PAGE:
Frog Yoke

Date: 7th–10th century

Geography: Mexico, Mesoamerica, Veracruz

Culture: Veracruz

Medium: Greenstone, pigment

Dimensions: H. 5 x W. 14 7/8 x D. 15 3/4 in. (12.7 x 37.8 x 40 cm)

Classification: Stone-Sculpture

Credit Line: The Michael C. Rockefeller Memorial Collection, Gift of Nelson A. Rockefeller, 1963

Accession Number: 1978.412.15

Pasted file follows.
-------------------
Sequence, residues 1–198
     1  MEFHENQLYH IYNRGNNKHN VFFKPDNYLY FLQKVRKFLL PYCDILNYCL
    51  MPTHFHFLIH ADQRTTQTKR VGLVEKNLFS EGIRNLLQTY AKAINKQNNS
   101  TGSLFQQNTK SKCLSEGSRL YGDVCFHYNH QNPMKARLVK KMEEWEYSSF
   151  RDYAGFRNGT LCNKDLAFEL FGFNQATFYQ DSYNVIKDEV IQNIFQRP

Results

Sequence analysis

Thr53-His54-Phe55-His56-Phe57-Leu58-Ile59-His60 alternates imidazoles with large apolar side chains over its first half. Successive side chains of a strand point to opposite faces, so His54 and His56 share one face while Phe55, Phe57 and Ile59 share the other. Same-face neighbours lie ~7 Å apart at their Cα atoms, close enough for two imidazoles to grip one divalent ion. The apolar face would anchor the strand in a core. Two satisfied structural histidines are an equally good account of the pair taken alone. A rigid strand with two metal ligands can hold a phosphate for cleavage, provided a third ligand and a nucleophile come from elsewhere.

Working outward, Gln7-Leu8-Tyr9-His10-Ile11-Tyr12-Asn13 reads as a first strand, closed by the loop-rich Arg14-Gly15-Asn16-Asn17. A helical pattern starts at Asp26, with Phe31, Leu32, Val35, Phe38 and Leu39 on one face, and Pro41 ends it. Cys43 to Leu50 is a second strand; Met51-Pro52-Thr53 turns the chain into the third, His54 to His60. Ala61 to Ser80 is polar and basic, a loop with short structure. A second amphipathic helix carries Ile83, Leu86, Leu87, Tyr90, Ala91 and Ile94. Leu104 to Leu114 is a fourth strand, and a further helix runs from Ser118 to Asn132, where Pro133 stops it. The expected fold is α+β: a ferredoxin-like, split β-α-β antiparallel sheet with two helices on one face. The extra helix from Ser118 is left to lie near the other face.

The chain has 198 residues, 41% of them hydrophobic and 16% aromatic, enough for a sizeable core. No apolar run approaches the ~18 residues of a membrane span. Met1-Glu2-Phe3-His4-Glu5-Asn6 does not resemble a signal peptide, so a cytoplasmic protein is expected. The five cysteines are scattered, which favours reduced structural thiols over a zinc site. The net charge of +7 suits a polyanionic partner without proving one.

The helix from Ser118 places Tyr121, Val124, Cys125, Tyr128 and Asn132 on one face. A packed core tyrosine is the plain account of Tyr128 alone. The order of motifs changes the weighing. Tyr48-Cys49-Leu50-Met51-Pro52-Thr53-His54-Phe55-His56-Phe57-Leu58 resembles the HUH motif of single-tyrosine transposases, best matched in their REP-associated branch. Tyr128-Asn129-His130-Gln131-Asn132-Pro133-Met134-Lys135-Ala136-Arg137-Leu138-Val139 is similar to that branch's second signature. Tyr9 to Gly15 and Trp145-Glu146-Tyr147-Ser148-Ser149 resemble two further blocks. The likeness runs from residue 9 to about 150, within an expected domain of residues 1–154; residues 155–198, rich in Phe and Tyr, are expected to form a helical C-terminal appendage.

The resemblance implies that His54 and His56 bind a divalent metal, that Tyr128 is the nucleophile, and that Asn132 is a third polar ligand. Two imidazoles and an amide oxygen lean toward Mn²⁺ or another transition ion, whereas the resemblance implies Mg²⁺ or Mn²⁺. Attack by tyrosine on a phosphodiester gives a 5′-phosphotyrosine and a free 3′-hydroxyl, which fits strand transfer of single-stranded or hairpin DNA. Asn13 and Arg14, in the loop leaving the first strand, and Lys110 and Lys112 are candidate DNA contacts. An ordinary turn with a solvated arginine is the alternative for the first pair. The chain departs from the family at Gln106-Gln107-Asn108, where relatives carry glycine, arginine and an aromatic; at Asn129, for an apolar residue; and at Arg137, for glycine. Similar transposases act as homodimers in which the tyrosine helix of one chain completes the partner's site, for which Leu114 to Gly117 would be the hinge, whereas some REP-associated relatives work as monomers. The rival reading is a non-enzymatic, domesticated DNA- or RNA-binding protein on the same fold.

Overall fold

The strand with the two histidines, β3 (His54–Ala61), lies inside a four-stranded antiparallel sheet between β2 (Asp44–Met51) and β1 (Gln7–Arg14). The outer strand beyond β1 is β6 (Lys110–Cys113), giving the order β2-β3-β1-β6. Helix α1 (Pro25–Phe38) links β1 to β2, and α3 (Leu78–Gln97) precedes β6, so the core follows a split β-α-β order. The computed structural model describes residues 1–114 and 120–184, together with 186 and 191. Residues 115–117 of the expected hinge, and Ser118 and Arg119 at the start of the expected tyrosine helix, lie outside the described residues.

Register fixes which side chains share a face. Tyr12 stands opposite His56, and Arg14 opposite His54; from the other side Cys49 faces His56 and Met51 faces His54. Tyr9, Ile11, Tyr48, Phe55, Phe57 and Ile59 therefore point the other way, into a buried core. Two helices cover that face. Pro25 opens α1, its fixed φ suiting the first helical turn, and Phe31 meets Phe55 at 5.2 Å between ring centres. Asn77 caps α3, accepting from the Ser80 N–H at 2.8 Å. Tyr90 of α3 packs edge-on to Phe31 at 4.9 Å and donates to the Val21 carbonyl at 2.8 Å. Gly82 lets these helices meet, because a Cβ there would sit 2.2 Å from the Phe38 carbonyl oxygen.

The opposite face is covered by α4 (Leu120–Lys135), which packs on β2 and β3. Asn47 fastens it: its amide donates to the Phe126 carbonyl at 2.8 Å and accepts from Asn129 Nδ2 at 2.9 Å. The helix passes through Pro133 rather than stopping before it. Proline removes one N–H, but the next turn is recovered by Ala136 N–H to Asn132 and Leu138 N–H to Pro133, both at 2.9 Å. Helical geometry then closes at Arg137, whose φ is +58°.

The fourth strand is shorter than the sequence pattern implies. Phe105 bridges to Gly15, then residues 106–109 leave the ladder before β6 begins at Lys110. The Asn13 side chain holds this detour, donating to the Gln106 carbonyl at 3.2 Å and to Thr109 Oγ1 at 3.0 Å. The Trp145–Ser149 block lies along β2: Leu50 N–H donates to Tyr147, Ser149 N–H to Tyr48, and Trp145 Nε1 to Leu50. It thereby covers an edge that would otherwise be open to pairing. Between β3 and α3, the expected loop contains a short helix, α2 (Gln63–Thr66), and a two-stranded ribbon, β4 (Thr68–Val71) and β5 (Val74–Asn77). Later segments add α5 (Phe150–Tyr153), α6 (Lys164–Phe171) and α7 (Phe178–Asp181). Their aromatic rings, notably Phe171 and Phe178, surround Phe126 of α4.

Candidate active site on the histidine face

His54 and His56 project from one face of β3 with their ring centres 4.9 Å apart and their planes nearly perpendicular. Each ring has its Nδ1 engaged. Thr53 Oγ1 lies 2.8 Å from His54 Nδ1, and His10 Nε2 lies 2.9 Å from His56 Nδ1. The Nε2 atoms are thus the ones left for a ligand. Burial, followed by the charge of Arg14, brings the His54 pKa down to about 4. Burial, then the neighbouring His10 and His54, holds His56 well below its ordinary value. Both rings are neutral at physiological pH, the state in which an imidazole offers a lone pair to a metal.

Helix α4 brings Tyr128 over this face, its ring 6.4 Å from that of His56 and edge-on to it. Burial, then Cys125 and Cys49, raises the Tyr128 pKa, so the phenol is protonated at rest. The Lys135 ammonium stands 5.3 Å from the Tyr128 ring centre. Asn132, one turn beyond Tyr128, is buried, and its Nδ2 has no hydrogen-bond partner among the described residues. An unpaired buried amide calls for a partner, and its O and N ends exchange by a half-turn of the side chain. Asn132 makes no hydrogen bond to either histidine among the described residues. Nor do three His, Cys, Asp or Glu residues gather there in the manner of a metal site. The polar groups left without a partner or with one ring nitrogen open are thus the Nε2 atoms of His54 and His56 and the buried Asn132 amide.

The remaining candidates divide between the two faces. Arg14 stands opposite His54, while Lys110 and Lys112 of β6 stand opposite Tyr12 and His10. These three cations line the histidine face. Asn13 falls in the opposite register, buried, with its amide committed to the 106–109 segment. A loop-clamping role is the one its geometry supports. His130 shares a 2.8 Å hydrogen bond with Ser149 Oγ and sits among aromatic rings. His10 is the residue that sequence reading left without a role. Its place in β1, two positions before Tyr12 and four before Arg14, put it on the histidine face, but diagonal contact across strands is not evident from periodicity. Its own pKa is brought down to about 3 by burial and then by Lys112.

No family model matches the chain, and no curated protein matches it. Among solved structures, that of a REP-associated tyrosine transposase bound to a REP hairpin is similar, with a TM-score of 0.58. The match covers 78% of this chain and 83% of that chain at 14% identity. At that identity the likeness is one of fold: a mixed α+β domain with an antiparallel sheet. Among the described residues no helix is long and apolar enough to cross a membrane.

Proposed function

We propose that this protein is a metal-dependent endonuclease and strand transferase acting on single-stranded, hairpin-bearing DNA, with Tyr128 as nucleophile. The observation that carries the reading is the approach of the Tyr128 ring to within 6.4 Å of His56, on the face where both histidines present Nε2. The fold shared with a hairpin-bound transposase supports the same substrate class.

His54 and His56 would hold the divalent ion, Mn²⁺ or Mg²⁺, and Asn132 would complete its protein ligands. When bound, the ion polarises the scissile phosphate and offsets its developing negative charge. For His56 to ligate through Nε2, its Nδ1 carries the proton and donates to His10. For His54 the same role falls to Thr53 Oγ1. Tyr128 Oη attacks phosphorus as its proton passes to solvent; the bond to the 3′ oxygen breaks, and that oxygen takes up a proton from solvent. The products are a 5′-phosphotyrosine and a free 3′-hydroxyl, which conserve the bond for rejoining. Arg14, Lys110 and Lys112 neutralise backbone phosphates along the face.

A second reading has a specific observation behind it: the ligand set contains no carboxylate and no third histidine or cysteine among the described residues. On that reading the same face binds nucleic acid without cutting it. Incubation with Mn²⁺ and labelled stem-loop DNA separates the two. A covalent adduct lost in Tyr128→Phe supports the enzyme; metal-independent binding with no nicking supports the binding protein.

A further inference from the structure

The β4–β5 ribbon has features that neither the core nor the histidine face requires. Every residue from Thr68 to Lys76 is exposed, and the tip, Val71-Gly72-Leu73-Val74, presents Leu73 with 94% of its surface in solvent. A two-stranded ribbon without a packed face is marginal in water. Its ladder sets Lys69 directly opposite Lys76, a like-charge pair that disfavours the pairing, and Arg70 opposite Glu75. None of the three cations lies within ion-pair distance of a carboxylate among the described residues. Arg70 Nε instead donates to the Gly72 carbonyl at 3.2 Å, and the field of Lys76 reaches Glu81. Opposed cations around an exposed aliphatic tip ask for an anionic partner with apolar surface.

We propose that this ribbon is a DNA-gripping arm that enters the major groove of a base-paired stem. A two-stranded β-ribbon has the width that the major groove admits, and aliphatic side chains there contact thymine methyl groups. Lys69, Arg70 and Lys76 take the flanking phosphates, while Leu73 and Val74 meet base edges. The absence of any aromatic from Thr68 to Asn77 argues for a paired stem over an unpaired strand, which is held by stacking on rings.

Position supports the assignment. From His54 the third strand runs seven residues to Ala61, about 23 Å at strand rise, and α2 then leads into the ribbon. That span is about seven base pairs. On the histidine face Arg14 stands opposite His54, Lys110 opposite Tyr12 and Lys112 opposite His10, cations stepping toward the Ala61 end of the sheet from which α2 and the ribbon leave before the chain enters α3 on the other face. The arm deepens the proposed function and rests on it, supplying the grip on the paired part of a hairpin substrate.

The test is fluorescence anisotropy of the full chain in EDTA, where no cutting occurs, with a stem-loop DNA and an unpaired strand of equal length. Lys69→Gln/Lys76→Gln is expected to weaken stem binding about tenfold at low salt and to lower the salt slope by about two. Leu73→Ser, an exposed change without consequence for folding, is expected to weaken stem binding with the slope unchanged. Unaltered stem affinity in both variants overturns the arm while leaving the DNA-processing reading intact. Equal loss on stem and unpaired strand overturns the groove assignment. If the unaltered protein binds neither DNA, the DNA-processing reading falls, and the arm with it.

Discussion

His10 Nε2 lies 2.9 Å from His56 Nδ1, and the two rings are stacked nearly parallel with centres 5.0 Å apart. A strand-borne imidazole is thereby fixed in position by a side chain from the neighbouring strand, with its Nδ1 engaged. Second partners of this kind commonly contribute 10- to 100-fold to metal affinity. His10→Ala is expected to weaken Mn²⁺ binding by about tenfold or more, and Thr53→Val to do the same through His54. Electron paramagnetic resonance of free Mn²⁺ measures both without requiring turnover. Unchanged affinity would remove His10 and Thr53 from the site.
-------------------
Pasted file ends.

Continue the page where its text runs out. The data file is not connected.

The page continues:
This greenstone yoke is likely a ceremonial representation of a lighter protective guard worn by Mesoamerican ballgame players. The batrachian creature carved in the center of the yoke, with its bulging eyes, small nostrils, and elongated mouth parted by a curving tongue, has been identified as a depiction of an earth monster who resides at the entrance to the underworld. Such imagery is appropriate for the ballgame with its resulting sacrifice of blood to nourish the earth and promote fertility. Into the pattern of interlaces and scrolls on each side of the yoke, the artist incorporated a low-relief depiction of a helmeted human head, perhaps a representation of a ballplayer. On each end of the U-shaped yoke is a profile depiction in higher relief of another human face.